Accreditation pervades American education from kindergarten through graduate school. It has become a means through which the government enforces subpar educational outcomes and increases its power.
Of course, it didn’t start out that way.
Primary and secondary accreditation began in the 1880s as a voluntary method to improve quality among schools and establish standards for students preparing for college.
In case you missed it, on Monday MIT announced that they would be reinstating their SAT/ACT requirement for future admissions cycles. Like many universities, MIT had ditched the tests during the pandemic.
Even prior to the pandemic, however, there had been a widespread push to abandon these tests to enhance diversity.
“Data shows tests like the SAT are biased against students from low-income households. Poorer students tend to perform worse on the test,” CNN reported in 2015. “Blacks and Hispanics also consistently score lower on the SAT than whites.” (CNN conveniently left out that Asian Americans score much higher than whites, presumably because it didn’t fit the narrative.)
A common college admissions test, the SAT, will roll out its online version in the U.S. starting in March 2024, The Wall Street Journal reported. The new test is reportedly expected to be easier, shorter and simpler.
The test will be reduced from three hours to two with shorter reading passages followed by single questions, while math problems will be less wordy with calculators permitted for every question, according to Priscilla Rodriguez, vice president of college readiness assessments at the College Board, the test’s operator and regulator, the WSJ reported.
“The digital SAT will be easier to take, easier to give and more relevant,” Rodriguez told the WSJ.
Just four weeks ago, I wrote about the rising resistance to the woke craze and critical race theory, and much has transpired since then.
Here in California, even Disneyland has not been spared the wrath of the crazies. On May 7, the incomparable Christopher Rufo reported that “The Wokest Place on Earth” now includes employee trainings on systemic racism, white privilege, white fragility, and white saviors, and also launched racially segregated “affinity groups” at the company’s headquarters.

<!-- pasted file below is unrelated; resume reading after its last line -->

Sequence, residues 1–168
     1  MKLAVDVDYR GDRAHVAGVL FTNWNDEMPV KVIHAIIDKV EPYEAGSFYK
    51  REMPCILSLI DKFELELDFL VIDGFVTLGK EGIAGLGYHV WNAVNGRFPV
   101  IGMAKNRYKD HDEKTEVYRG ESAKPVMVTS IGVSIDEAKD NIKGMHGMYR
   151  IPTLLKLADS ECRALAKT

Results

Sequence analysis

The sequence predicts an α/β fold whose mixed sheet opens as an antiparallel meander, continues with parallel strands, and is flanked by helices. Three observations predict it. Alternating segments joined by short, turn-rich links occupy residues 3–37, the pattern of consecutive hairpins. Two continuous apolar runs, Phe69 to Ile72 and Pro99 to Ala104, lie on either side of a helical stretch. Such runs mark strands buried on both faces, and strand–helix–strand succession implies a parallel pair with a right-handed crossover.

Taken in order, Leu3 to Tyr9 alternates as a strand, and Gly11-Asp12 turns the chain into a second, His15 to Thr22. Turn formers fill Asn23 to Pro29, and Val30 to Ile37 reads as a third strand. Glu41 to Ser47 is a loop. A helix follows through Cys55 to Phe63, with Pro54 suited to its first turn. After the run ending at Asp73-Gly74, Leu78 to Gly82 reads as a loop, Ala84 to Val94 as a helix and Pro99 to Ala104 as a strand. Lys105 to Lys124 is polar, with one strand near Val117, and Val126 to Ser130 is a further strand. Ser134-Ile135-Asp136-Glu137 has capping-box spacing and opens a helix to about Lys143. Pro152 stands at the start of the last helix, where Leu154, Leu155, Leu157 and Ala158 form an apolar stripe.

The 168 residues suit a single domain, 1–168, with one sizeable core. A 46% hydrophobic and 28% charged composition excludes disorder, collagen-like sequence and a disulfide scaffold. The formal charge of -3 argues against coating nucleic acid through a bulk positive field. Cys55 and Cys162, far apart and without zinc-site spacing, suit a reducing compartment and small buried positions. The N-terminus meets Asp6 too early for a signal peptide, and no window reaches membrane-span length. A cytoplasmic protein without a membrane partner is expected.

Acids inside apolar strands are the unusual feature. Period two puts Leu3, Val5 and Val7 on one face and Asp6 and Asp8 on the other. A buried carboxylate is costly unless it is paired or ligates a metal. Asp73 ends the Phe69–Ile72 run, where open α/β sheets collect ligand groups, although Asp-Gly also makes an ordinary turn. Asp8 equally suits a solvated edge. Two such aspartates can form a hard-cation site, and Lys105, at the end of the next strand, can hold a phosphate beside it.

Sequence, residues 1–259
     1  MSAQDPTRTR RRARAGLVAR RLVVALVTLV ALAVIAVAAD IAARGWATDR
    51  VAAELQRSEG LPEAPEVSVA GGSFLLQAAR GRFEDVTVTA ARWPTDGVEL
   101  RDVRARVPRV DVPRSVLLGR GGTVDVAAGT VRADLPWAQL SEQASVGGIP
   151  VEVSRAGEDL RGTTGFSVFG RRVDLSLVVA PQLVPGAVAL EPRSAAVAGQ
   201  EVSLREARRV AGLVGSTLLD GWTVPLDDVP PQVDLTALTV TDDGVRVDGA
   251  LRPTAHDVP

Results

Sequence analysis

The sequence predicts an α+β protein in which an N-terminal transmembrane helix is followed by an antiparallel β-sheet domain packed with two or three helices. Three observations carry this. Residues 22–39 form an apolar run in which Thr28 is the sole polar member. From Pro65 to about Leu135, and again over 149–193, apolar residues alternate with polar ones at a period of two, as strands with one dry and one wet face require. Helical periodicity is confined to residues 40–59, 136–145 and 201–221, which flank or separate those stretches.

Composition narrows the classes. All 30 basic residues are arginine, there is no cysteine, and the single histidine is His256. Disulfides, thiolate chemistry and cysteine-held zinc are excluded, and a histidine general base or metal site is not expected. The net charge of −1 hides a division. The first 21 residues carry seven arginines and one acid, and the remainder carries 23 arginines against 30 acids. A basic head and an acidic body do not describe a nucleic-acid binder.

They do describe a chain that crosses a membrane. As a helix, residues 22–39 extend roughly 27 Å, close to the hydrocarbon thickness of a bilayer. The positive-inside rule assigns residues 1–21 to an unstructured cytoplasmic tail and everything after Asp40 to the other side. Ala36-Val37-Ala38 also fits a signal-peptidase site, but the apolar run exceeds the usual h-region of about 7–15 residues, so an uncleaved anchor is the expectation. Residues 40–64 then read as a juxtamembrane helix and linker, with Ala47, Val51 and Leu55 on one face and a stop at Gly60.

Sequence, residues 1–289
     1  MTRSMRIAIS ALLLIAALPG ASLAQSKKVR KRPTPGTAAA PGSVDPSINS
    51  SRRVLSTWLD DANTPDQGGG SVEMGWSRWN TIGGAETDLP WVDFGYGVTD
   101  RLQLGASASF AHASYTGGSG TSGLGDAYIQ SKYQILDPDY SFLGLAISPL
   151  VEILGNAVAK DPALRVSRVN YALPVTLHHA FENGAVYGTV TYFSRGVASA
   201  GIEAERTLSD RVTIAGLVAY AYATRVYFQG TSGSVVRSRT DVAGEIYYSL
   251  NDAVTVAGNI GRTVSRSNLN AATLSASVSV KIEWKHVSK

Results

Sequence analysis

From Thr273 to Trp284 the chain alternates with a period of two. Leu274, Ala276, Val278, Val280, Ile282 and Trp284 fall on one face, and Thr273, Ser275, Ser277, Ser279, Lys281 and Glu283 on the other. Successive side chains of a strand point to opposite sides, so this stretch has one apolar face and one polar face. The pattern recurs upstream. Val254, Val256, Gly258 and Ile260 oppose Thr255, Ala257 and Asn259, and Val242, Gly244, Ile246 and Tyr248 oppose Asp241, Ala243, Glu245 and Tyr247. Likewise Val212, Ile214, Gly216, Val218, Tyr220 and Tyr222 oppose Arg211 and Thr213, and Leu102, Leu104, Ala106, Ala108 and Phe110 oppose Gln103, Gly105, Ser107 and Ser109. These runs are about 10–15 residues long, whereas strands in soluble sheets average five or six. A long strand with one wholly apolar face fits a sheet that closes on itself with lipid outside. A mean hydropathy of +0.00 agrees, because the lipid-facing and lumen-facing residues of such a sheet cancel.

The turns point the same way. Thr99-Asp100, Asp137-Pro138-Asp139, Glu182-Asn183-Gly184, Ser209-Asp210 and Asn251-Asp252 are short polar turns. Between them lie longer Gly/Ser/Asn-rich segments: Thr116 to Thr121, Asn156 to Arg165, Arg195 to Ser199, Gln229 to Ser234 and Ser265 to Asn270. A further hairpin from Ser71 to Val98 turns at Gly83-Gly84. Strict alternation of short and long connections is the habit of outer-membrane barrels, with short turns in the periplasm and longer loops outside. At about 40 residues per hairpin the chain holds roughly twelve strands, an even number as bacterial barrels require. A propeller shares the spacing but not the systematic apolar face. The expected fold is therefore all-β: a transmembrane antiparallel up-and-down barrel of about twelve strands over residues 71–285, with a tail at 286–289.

But just five days later, Rufo disclosed that Disney “has removed its entire antiracism program from the company’s internal portal, effectively scrubbing it out of existence.” Rufo added, “This is a major victory in the war against ‘woke capital,’” and noted that a “significant backlash from the public” was responsible for the shift. While some skeptics suggested that the policy was being “tweaked or rebranded, not scrubbed,” Rufo responded, “Possibly, but small victories start to add up. We’ve set the precedent—and forced a $329 billion company to back down.”
It’s official. Last month, the College Board announced that it would discontinue the essay-writing section of the SAT. It’s the latest in a series of recent decisions to reduce the use of standardized testing in college admissions. Proponents of the decision cited claims of racism and bias against underrepresented groups. But those claims don’t hold water. And ditching the writing portion of the SAT is unlikely to help anyone.
College Board, the entity responsible for developing SAT and AP tests, will sever financial ties with the Chinese Confucius Institute Headquarters (Hanban) at the end of the year.
U.S. Sen. Marsha Blackburn, R-Tennessee, and six other U.S. senators sent a letter to College Board CEO David Coleman last week, asking for clarification of the board’s financial relationship with Hanban and the extent of Chinese government influence on test development and guest teacher placements in the U.S.
COVID-19 has disrupted student life across the nation, closing schools and leading to major questions about what’s in store for high school juniors and seniors as they take their next steps toward college.
The valedictorian of a Detroit high school is reportedly struggling with basic math in college.
It appears that many Americans still believe that merit is the most important factor in determining who will get into our top colleges and universities.